The small Ford's theater is packed that Good Friday April night of 1865 and quivers with excitement and anticipation. Everybody knows that Lincoln and possibly General Grant will be attending "Our American Cousin." When the Lincolns arrive half an hour after the curtain goes up, there is a standing ovation. Mr. Lincoln bows, with a smile. General Grant does not attend the play, but the Lincolns' friends Major Rathbone and Clara Harris accompany them. It is noticed that Mary Todd Lincoln has her hand affectionately on the President's knee while they are seated in their box. You are there. You too try and get a glimpse of the President in his rocking chair but he's partially hidden behind an American flag. You hear the shot right after Harry Hawk on stage says "you sockdologizing old man-trap." Is that gun shot sound part of the play? Then you smell the gun smoke. And you hear Mary Lincoln shrieking from the presidential box. The theater erupts into pandemonium.
This book is the horse's mouth in regards to Lincoln's assassination. The first person, eye witness accounts of men and women and even boys are taken from letters, affidavits, depositions, magazine articles and more and are riveting- and in the earlier written reports quite remarkably consistent. As the years went by some accounts become embellished. But the early descriptions right after the events in 1865 are remarkably consistent except for two details: did Booth break his leg when he hit the stage and did he yell "Sic semper tyrannis" and or something else?
Many descriptions of John Wilkes Booth vaulting over the rail of Lincoln's box, catching his spur in a flag draped there and landing awkwardly on one knee or even on all fours appear in the book. But the early reports state that Booth immediately recovered his equilibrium and ran swiftly across the stage and out the back where his horse was being held. Observers mention his diabolic expression and that he carried a long bladed knife which glinted in the stage lights. Booth himself, in his diary tries for martyrdom as he states he broke his leg in the 10 foot jump to the stage but did the deed for the sake of the south not for self-aggrandizement. Booth actually was looking for self-glory and his theatrical performance was quite calculated. Most witnesses agree that he did say "sic semper tyrannis." He shoots an unarmed man in the back and considers himself a hero and expects the nation to idolize him. He most certainly broke his leg after he left the theater, probably from a fall from his horse.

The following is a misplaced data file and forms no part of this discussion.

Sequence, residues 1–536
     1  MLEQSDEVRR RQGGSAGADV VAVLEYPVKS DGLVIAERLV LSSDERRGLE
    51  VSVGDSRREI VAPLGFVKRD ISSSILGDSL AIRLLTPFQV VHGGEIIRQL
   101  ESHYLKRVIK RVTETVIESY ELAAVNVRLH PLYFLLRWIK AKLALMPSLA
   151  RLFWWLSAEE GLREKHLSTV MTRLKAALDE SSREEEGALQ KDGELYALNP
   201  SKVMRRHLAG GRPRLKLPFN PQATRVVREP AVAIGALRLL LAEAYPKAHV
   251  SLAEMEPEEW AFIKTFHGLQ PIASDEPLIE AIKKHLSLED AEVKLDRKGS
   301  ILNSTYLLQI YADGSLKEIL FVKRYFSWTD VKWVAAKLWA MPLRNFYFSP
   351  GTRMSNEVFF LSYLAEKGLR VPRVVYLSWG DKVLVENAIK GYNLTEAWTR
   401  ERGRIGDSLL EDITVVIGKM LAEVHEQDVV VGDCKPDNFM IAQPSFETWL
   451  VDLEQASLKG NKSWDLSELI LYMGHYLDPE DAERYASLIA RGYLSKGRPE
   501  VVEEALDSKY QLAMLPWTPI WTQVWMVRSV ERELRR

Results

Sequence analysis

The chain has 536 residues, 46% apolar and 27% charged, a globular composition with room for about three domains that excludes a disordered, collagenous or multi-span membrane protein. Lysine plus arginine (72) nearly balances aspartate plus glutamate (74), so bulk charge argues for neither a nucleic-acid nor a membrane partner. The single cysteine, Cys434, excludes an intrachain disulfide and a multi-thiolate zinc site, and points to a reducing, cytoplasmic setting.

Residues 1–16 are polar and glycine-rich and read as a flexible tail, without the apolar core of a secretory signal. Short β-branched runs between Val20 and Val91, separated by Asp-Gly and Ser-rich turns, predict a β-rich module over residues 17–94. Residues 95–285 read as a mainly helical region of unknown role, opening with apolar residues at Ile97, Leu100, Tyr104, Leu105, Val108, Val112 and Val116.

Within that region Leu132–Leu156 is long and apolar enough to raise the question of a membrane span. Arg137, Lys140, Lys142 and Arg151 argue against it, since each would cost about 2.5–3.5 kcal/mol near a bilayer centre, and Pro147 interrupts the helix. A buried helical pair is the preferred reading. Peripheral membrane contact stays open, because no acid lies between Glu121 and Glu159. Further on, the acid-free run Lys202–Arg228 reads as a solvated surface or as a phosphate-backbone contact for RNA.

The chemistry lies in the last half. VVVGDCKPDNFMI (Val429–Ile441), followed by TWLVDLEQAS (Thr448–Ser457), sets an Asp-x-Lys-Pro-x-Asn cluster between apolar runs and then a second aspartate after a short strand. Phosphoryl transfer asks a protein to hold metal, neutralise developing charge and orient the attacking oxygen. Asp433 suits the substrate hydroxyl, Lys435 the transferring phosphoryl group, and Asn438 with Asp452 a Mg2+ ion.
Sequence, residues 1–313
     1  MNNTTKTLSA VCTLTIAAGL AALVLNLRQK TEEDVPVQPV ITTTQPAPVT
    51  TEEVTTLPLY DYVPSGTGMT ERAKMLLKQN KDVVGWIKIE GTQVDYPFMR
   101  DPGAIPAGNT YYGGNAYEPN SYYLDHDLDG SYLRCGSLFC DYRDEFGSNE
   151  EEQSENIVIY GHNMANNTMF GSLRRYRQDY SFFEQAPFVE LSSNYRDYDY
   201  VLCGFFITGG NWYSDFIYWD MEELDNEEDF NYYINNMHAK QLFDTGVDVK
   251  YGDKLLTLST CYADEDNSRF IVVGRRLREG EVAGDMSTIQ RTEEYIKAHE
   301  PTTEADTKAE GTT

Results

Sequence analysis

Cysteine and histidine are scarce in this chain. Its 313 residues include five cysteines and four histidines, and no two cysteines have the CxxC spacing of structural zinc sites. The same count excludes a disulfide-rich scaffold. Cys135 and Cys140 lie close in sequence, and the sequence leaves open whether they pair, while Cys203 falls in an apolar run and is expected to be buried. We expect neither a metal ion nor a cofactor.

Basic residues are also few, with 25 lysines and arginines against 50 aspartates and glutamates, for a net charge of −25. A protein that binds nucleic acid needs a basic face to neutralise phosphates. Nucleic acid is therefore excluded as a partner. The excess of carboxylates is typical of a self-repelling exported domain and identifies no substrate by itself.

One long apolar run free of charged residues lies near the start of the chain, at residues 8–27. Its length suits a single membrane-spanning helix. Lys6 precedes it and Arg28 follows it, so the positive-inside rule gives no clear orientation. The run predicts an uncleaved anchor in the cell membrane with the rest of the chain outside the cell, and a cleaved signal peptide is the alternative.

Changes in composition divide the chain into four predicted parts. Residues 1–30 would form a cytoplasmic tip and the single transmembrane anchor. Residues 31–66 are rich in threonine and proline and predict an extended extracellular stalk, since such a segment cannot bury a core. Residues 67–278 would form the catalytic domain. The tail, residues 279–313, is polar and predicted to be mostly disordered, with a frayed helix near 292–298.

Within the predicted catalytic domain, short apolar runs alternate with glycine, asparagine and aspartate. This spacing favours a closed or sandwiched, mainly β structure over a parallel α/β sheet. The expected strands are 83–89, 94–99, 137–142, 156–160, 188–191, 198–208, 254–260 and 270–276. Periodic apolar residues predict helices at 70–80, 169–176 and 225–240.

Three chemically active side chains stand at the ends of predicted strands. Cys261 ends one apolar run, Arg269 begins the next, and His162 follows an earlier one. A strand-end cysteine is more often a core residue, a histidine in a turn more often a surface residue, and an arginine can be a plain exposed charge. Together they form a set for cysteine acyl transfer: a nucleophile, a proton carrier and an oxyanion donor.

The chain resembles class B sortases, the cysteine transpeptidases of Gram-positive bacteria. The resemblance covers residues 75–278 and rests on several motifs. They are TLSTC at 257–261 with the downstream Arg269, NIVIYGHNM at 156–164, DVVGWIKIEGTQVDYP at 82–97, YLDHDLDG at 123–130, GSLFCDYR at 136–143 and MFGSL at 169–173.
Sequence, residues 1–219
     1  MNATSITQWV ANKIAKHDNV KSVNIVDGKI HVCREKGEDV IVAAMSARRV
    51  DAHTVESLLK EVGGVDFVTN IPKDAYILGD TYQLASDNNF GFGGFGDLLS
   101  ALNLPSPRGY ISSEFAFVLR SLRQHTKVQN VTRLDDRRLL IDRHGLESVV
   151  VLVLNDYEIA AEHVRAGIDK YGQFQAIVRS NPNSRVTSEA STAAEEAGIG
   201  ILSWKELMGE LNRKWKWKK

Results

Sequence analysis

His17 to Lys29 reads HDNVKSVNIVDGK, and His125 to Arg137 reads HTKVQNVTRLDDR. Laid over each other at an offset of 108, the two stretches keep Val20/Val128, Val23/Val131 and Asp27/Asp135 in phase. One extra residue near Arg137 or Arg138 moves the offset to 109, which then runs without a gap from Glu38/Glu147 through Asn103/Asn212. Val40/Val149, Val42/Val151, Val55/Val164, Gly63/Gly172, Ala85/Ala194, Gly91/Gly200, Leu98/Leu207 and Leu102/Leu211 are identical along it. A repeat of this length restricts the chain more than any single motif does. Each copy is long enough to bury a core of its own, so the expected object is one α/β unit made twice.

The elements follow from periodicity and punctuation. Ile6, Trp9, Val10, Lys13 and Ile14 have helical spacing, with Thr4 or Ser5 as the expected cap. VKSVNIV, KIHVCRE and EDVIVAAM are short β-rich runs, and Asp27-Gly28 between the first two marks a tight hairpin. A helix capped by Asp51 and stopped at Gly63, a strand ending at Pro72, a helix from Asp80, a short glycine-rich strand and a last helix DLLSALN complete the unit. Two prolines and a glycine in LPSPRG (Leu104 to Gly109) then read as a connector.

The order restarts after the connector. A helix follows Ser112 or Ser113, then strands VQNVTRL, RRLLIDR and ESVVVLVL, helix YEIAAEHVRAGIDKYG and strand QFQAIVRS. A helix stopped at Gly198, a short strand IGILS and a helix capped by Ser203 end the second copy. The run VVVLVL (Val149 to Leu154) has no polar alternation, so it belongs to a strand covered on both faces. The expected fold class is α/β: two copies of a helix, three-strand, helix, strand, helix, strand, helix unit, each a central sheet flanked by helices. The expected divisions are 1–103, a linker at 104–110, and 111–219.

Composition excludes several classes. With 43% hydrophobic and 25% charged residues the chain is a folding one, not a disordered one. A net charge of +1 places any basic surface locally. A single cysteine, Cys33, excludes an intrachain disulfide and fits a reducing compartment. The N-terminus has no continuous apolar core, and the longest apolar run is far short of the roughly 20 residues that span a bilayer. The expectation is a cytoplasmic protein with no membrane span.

What you feel when you read this book is the great love for Lincoln that washes like a tide across the little Ford's theater and binds the witnessing audience of the awful event together in a tapestry of a horrible shared experience. Several surgeons attended the stricken president who was laid flat on his back on the floor of the box. Dr.Charles Leale discovered the entrance wound of the bullet under Lincoln's left ear. The bullet had plowed through Lincoln's brain coming to rest behind his right eye, which quickly turned black. Dr. Leale knew the injury was mortal and insisted Lincoln should be taken someplace nearby the theater, and so the President was carried across the street to the Petersen house. There is considerable disagreement among the men who carried the President as to whether he was on a stretcher or a board or was simply carried out bodily. But in general the reports are quite consistent.
One Joseph H. Hazelton was five years old and in the audience that April 14. He wrote many years later: "The third act was on and as Mr. Lincoln entered the audience rose en masse and cheered... I was standing directly opposite the President's box and looking up at him and noting with childish delight to see how he was enjoying the play."
Mr. Hazleton also penned this beautiful tribute: "And when the spirit of that mighty man soared its way to that bourne from which no traveler returns, it served to weld an unbreakable link of steel between North and South, making it one grand and beautiful nation..."
"We Saw Lincoln Shot" is fascinating, the outpourings of theater goers who were there and who witnessed an event of incomparable importance, and incomparable tragedy.
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About the reviewer
Pam Sharp (snowleopard88)
I'm a retired botanist with degrees from Smith College and the University of Arizona. I'm currently into designing T-shirts and other items for Zazzle. Am interested in almost everything … more
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On the evening of 14 April 1865 when President Abraham Lincoln was assassinated in Ford's Theatre, an entire audience was witness to the tragedy. From diaries, letters, depositions, affidavits, and periodicals, here is a collection of accounts from a variety of theatergoers - who by chance saw one of the truly pivotal events in U. S. history. Providing minute first-hand details recorded over a span of ninety years, We Saw Lincoln Shot explores a subject that will forever.
be debated. With a sharp focus upon the circumstances reported by one hundred actual witnesses, We Saw Lincoln Shot provides vivid documentation of a momentous evening and exposes errors that have been perpetuated as the assassination has been rendered into written histories.